Is Israel applying too much force against Palestinians at the Gaza border? Tim Sebastian meets former Israeli Prime Minister Ehud Olmert.
Ehud Olmert, former Israeli Prime Minister, voiced serious doubts about the lethal force used by Israel in recent weeks, following one of the worst periods of violence since the 2014 Gaza war, also known as Operation Protective Edge.
"In this context, I think that we have to consider other options of operations which will be less violent and damaging," Olmert told DW's Conflict Zone.
"I mean, it's not a thousand kids only, there were tens of thousands of people and they were, indeed, there were many casualties and there were 62 people killed. And I am terribly sorry and sad about it. (…) Is it necessary to use the guns the way they were used, snipers the way they were used? (...) I have questions, I have doubts, yes," said Olmert.
Since March 30, the so-called March of Return protests caused for weekly clashes at the border. The protests were originally planned to culminate with an attempt to breach the border fence for Nakba Day in May. Palestinians demand their right to return to where their families were expelled from during Israel’s establishment in 1948.
Israeli forces have killed more than 110 Palestinians during the recent protests, thousands were injured. Palestinian President Mahmoud Abbas had accused Israel of "escalating tensions."
Israel said the use of force against protesters was necessary to defend its border, and accused Hamas of using civilians as human shields.
"Gaza is first and foremost a victim of a terrorist organization Hamas. Just as Lebanon is a victim in other ways by a terrorist organization Hezbollah," Olmert, who served as Israeli prime minister from 2006 until 2009, echoed the current Israeli government.
"Israel can't afford to have all these thousands of people penetrating into the part of Israel."
However, he also implied that Israel should change its mode of operation: "I think that we have to change the relations with Gaza in as much as it doesn't jeopardize the security of the state of Israel."
Operation Cast Lead in 2009
Olmert was responsible for the Operation Cast Lead between 2008 and 2009, where a total of 1,398 Palestinians were killed by Israeli forces, among them 345 children and 110 women. Then Foreign Minister Tzipi Livni said about the operations: "Israel demonstrated real hooliganism during the course of the recent operation, which I demanded."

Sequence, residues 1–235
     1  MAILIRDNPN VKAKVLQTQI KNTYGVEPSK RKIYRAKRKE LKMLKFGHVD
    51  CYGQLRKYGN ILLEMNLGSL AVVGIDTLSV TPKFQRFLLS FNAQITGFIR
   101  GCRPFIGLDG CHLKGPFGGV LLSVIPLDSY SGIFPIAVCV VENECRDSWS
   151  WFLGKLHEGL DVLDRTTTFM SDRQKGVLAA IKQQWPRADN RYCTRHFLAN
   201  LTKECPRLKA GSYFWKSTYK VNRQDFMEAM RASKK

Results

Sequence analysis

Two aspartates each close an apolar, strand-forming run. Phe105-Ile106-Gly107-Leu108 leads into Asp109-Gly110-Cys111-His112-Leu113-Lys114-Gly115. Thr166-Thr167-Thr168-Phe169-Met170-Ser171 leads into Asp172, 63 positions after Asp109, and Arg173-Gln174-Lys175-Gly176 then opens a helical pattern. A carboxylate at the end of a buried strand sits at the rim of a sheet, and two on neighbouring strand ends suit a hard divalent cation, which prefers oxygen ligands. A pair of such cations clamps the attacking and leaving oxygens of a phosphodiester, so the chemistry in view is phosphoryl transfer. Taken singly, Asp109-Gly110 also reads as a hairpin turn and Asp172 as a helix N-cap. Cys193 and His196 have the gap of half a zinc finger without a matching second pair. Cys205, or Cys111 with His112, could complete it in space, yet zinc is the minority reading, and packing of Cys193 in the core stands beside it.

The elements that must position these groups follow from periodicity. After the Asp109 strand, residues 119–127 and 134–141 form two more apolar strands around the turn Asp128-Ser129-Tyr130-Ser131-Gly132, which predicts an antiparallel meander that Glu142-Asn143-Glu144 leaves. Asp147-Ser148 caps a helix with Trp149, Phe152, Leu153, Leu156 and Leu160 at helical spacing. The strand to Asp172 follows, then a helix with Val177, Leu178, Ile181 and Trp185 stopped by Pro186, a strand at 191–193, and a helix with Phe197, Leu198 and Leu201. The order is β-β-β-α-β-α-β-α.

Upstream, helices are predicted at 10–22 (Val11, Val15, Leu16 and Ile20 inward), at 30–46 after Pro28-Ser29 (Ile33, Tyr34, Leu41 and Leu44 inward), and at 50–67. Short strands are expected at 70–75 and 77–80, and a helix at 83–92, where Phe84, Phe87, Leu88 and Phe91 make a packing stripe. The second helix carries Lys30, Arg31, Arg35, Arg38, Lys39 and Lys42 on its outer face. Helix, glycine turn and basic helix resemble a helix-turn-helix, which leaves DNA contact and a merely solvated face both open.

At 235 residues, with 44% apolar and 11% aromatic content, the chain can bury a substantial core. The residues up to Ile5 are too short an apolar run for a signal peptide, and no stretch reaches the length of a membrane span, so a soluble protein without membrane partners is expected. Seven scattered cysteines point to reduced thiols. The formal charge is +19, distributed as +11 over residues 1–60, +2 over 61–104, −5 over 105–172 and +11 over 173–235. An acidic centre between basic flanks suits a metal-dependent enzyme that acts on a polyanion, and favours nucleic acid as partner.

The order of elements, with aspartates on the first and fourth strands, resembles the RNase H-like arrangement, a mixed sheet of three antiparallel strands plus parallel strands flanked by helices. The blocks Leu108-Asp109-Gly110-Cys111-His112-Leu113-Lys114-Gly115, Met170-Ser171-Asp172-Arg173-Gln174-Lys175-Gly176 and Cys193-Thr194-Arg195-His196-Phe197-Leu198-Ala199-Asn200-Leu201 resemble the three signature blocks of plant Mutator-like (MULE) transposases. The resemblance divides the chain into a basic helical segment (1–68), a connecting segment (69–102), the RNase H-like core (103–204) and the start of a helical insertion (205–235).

Olmert defended Israel’s security doctrine but claimed to have no other choice: "It is the simple doctrine which has characterized the conduct of every normal and reasonable country (...) which is when you are attacked by rockets into your cities, you have to defend yourselves. We have to use force."
DW’s Tim Sebastian asked: "How do you live with this huge loss of life that is that is caused by your orders?"
"No. It was caused by the fact that my people, my citizens, (…) innocent children in Israel were attacked," Olmert responded. Asked whether his children sleep more easily because Palestinian children are killed, he said: "When my children are not attacked by rockets coming from that side, they sleep better, yes. And they have to sleep better and that's my responsibility."
On a recent visit to Germany, Israeli Prime Minister Benjamin Netanyahu concluded: "If you're interested in peace, Israel cannot afford to have additional Palestinian territories used against us. The reason there is no peace is that the Palestinians refused to recognize the Jewish state."
Iran threatens to ‘wipe Israel from the map’
A second controversial issue is the 2015 Iran nuclear deal which the US has departed from. Israel also opposes the deal and in fact pressed Donald Trump to junk the deal, saying it will increase Iran's ability to develop nuclear weapons.
At the same time though, Israel has not yet openly communicated its own nuclear program.
Olmert defended Prime Minister Netanyahu’s stance: "Israel whether they have nuclear weapons or not, (...) never threatened to use it against anyone. Iran openly and publicly throughout all these years including from 2006 and earlier to this day threatened to wipe out Israel from the map."
When DW’s Tim Sebastian said that being a nuclear power has responsibilities and asked who Israel is to maintain a "strategic ambiguity," Olmert said: "We never wanted to wipe out any country from the map. And Iran repeatedly and continuously for many years is doing precisely this."
He also kept refusing to confirm or deny Israel’s nuclear capabilities: "There were so many nonsense stories that were spread about Israel and about Israel’s capabilities and what we have and we don't have..."
Olmert was jailed for corruption in 2014. He was accused of accepting bribes to promote a real-estate project in Jerusalem and obstructing justice. The charges pertained to before he became Prime Minister in 2006, when he was Mayor of Jerusalem and Trade Minister.
In the interview he repeated his claims for innocence, telling Tim Sebastian: "There was a conspiracy in order to try and put me down from my position as prime minister in order to prevent what I was trying to do which would have changed the entire Middle East. And that could have made history."
Confronted with his legacy, Olmert assured that he had no regrets, only "sadness for mistakes" he made. "[People] think that I was a good prime minister and they're right by the way," he said.